According to the III Energy Poverty Study presented today by the Association of Environmental Sciences (ACA) in 2014 more than 7,000 people died in Spain from causes associated with energy poverty. 11% of households in Spain, 5’1 million people declare to be unable to maintain their housing at a suitable temperature at this time of year.
The ACA study focuses on data obtained during 2014 and discovers an increase in energy poverty by 22% to reach 5.1 million people in our country who are unable to keep their home at a suitable temperature in winter, 10.2% above the European average.
A big effort
While for a family with high income, energy costs can be 3% of their income for a family with minimum income it can account for around 12%. This is an economic overexertion that significantly reduces the quality of life of families.
The study highlights Andalucia, Castilla – La Mancha, Extremadura and Murcia as the four regions affected in the highest degree in both 2014 and 2007, at the beginning of the crisis and the Basque Country, Asturias and Madrid as the less vulnerable communities.
[Pullquote] Andalucía, Castilla – La Mancha, Extremadura and Murcia as the four regions affected in the highest degree [/ pullquote]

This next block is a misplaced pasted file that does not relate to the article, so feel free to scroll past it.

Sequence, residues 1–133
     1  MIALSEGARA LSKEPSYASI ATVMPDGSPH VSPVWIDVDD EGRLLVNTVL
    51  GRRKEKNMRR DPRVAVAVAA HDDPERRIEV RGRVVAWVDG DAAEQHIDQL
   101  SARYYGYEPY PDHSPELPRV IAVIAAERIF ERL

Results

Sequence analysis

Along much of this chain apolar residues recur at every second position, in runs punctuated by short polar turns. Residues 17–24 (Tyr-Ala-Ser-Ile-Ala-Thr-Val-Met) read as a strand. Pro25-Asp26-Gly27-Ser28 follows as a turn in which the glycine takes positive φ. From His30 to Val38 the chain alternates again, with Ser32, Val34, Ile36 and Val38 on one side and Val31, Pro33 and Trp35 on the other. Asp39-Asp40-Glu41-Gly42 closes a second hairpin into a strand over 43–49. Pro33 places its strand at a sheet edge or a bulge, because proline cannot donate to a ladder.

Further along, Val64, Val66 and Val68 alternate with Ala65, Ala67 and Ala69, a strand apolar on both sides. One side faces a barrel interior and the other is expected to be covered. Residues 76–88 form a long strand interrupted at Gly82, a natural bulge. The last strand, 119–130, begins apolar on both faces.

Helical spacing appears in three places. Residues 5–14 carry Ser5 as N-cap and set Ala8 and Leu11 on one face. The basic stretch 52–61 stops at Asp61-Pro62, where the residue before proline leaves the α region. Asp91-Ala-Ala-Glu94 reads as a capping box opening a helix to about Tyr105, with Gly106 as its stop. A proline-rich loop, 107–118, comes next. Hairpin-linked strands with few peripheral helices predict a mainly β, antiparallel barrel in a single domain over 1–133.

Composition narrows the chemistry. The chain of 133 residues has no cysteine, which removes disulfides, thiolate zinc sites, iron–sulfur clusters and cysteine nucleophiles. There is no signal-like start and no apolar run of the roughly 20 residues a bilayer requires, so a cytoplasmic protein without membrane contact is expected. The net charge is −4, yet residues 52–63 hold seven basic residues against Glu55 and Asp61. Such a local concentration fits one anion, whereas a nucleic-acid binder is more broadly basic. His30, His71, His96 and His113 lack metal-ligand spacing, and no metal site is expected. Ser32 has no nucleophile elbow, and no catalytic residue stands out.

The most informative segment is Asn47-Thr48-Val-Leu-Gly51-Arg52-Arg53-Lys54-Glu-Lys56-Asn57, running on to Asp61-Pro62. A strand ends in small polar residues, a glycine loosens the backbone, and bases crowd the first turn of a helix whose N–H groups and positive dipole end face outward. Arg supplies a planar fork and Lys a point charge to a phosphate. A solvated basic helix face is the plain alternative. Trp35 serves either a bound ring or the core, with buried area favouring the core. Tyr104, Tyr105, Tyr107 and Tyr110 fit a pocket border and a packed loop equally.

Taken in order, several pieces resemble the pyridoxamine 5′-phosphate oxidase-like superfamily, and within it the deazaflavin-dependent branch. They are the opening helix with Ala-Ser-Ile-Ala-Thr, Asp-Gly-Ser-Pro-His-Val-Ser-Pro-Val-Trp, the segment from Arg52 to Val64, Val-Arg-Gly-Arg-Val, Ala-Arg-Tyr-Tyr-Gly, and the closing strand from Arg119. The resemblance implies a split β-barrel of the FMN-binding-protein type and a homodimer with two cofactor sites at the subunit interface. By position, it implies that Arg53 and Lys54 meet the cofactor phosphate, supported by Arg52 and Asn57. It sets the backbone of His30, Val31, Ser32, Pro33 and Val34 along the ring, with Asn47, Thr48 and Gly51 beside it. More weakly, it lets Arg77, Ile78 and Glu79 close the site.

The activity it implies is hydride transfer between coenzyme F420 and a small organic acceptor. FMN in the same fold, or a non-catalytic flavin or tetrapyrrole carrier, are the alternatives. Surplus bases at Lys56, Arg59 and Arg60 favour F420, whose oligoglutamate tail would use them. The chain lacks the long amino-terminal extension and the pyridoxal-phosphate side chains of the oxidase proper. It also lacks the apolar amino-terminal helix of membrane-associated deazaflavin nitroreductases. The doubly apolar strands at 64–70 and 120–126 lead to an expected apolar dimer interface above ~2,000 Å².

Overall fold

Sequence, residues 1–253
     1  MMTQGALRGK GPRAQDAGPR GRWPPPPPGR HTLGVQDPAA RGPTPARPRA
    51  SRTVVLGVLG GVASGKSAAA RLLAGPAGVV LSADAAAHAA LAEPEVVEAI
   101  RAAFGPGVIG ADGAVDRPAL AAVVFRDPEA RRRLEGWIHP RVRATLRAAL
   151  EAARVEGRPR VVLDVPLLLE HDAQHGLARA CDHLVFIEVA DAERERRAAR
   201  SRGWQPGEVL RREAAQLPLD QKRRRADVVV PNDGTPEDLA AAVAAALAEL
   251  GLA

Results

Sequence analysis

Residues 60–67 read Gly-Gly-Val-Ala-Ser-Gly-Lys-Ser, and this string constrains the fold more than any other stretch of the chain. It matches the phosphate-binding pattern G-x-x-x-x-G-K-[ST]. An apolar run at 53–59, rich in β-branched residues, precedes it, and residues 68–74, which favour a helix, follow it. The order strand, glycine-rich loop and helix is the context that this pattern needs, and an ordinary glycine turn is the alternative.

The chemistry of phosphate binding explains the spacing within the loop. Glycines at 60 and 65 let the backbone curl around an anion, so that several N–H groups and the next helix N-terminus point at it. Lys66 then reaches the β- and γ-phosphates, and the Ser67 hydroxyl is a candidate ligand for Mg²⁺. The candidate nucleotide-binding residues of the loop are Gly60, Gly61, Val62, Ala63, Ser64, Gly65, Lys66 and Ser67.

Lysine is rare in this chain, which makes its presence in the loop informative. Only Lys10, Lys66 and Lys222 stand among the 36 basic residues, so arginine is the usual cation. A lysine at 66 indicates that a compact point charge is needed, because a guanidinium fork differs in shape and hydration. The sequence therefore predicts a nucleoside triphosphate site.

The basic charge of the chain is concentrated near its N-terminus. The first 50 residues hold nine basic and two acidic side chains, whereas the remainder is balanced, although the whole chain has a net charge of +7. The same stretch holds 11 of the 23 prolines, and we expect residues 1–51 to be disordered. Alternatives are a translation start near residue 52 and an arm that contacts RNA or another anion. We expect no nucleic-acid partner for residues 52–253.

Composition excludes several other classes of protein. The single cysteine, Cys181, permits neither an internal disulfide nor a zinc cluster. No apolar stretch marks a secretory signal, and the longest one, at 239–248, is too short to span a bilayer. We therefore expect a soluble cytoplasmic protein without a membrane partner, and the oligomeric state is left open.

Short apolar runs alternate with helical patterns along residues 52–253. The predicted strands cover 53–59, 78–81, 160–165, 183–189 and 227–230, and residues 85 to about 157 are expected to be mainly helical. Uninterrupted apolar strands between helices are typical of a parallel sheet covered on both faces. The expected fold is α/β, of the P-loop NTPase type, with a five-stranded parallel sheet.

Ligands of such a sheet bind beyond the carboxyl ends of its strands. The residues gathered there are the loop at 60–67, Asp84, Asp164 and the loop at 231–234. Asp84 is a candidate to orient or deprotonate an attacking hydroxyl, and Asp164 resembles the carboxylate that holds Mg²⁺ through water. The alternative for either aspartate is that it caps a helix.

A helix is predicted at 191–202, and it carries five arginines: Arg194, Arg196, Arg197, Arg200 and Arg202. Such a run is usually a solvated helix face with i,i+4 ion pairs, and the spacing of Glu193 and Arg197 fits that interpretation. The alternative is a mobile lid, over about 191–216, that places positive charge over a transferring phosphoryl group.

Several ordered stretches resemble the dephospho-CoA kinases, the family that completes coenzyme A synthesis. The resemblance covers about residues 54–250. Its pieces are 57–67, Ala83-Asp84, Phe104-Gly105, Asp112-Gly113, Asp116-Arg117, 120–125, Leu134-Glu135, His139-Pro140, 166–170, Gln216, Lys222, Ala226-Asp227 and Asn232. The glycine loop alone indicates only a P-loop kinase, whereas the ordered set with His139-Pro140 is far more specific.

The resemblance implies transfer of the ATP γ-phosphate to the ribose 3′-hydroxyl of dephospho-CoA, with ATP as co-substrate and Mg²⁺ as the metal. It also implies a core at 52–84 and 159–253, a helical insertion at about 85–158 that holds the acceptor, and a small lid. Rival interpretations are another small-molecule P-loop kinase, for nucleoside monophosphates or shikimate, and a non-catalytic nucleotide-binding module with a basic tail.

Who are the most vulnerable
ACA also highlights different socio-demographic components outlining a type of citizen most affected. Thus, almost a third of the households (31%) in which members cannot read nor write would fall under the category of households in energy poverty.
It is evident that the unemployed, with default rates of 21% were the most affected groups as well as households consisting of elderly, single parents and families with 3 or more dependent children. These showed in 2014 higher rates than other types of families.
Health and energy poverty
In 2014, 18% of households with someone in poor health conditions at home declared it had been unable to keep their home at a suitable temperature. According to ACA, to the extent that it could be causing 30% of the additional winter deaths, according to estimates by the World Health Organization (WHO). In 2014, the additional average winter mortality in Spain was 24,000 deaths so more than 7,000 premature deaths would be associated with energy poverty.
– Boosting energy rehabilitation of buildings with an energy poverty approach
– The reformulation of the social bond to adapt it to the reality of vulnerable consumers.
– Amend legislation regarding service cuts
– Reforming energy efficiency financing policy for vulnerable households
– Training programs in energy efficiency
– Improved information transfer and use.
Vulnerable Consumer Information Point (PICV)
ACA has introduced a website with relevant information for consumers on energy saving measures, helps to face energy costs and personalized advice to vulnerable households.